Hebrew

secondary since the repeated invocation

and hence the cry is partly in Hebrew, partly in Aramaic.

i',~

T\Â-t

i~

68 Already Epiphanius of Salamis (c. 315-403) pointed out that the cry was in

Syriac,

Panarium

2,

2, 66, in

PG

42,

col. 312.

By Syriac he,

of course, meant Aramaic, as did

Nonnus,

see above n. 63.

There

is

a vast literature on Christ's

1, pp.

317-318, and WILCOX,

native language,

Semitisms,

pp.

Greek,

see that listed by HosPERS,

The old idea that he

39-40,

Bibliography,

but is

1021-1029.

Language,

pp.

34-37.

lt is,

spoke Mishnaic Hebrew was recently argued by B!RIŒLAND,

pp.

24-27,

untenable, see the remarks

of SEVENSTER,

of course, pos-

sible that he knew at least some Hebrew and

upon the solemn

occasion

it

has been argued that he may have used it

JEREMIAS,

La dernière Cène.

Les

of the Last

Supper, see J.

paroles de Jésus(= Lectio

divina,

75), Paris, 1972, pp. 232-240; BLACK,

268-269, but it was not his native tongue.

Approach,

pp.

69 0n parallels between early Christian worship and synagogue services see E. WER-

NER,

The

Sacred Bridge.

The Interdependence

London,

and

The Jewish

Chris-

Time and Community: In Honor of Thomas

of Liturgy and Music

1951, pp.

17-42; L.

in Synagogue

Church during

the First Mi/lenium,

HOFFMAN,

Lectionary,

tians and Jews in the First Three Centuries,

Julian Tal/ey,

the Great Sabbath and the Lenten Calendar: Liturgical Links between

ed. J.

ALEXANDER,

in

Washington,

see Acts

1990, pp.

seem

to have

visited synagogues mainly for

3-20.

missionary purposes,

The early Christians wor-

ii,46; Romans xvi,5; 1 Corinthians xvi,19; Colossians

see Acts

shipped mainly in homes,

iv,15,

and

vi,9; xiii,5; xiv,1.

70 1 Corinthians

~!J~.

lJI?

xvi,22. Whether this is

KING,

Rites,

1, p.

an imperative, viz.

p. 124.

or a perfect,

~r;i

~ni?

viz.

gical language

is here irrelevant; see BEYER,

see, e.g.,

Texte,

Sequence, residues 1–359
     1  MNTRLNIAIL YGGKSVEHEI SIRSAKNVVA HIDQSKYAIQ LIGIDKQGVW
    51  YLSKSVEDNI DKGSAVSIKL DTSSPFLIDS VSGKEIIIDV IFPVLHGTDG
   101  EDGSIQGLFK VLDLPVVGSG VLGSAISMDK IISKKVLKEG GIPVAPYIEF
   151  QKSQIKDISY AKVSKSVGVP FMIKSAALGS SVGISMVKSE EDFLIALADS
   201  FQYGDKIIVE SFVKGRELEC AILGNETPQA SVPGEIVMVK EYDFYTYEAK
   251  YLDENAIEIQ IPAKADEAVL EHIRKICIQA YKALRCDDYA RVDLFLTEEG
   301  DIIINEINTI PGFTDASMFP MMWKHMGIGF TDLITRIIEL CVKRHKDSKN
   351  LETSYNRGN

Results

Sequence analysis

On Aramaic as the first litur-

Languages,

p.

3; SALAVILLE,

14; KOROLEVSKY,

Introduction,

71

See

p.

M.

31.

McNAMARA,

The

New

Testament

and

the Palestinian Targum

to

the

38-45, 251-261; E. LEVINE,

The

Pentateuch (=Analecta Biblica,

Aramaic Version of the Bible. testamentliche Wissenschaft,

27A), Rome,

19782, pp.

Contents and Context

(=

Beiheft zur Zeitschriftfür die alt-

174), Berlin, 1988, pp. 8-13, 20-21.

72For a brief survey see

L.

ZausTA,

Die Rolle des Griechischen im Romischen Kai-

serreich,

in

Die Sprachen

im Romischen Reich der Kaiserzeit.

10. April 1974, ed.

G.

NEUMANN and J.

UNTERMANN

(=

Beihefte

40), Cologne,

1980, pp. 121-145, with a good bibliography,

ibid.,

Kolloquium

vom 8.

bis

der Bonner Jahrbücher,

pp. 141-145.

78

F. THOMSON

of Hellenization had affected some elements of Jewish society 73 and the earliest converts to Christianity included Greek-speaking Jews 74 , so that Greek as well as Aramaic must have been used in Christian worship from the earliest times7s. ln this context it is significant that the overwhelming majority of Old Testament quotations in the New go back to the Septuagint text76. With the increasing conversion of gentiles the importance of liturgical Aramaic declined and the disper- sal of the Jewish population of Palestine after the capture of Jerusalem by Titus in 70, together with the suppression of Bar Cochba's revolt of 132-135, marks the end of the Aramaic period of the church 7 7, although the use of Aramaic as a liturgical language lingered on among the Christian Jewish Nazarenes in Syria until the fourth cen- tury7s. There is no evidence to support the theory that Hebrew as